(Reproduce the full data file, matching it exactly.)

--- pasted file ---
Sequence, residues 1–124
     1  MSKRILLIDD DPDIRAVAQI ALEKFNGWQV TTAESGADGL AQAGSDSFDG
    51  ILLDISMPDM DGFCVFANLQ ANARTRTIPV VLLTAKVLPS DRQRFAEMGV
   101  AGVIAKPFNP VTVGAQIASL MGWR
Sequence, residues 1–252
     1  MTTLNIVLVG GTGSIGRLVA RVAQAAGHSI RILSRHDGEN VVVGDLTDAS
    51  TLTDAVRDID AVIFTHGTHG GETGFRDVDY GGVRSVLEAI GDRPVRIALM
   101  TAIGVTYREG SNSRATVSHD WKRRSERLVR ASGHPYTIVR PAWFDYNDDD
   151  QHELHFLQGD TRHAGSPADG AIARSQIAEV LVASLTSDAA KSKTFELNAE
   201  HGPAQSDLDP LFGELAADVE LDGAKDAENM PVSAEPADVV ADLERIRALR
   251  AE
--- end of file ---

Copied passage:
Sequence, residues 1–124
     1  MSKRILLIDD DPDIRAVAQI ALEKFNGWQV TTAESGADGL AQAGSDSFDG
    51  ILLDISMPDM DGFCVFANLQ ANARTRTIPV VLLTAKVLPS DRQRFAEMGV
   101  AGVIAKPFNP VTVGAQIASL MGWR
Sequence, residues 1–252
     1  MTTLNIVLVG GTGSIGRLVA RVAQAAGHSI RILSRHDGEN VVVGDLTDAS
    51  TLTDAVRDID AVIFTHGTHG GETGFRDVDY GGVRSVLEAI GDRPVRIALM
   101  TAIGVTYREG SNSRATVSHD WKRRSERLVR ASGHPYTIVR PAWFDYNDDD
   151  QHELHFLQGD TRHAGSPADG AIARSQIAEV LVASLTSDAA KSKTFELNAE
   201  HGPAQSDLDP LFGELAADVE LDGAKDAENM PVSAEPADVV ADLERIRALR
   251  AE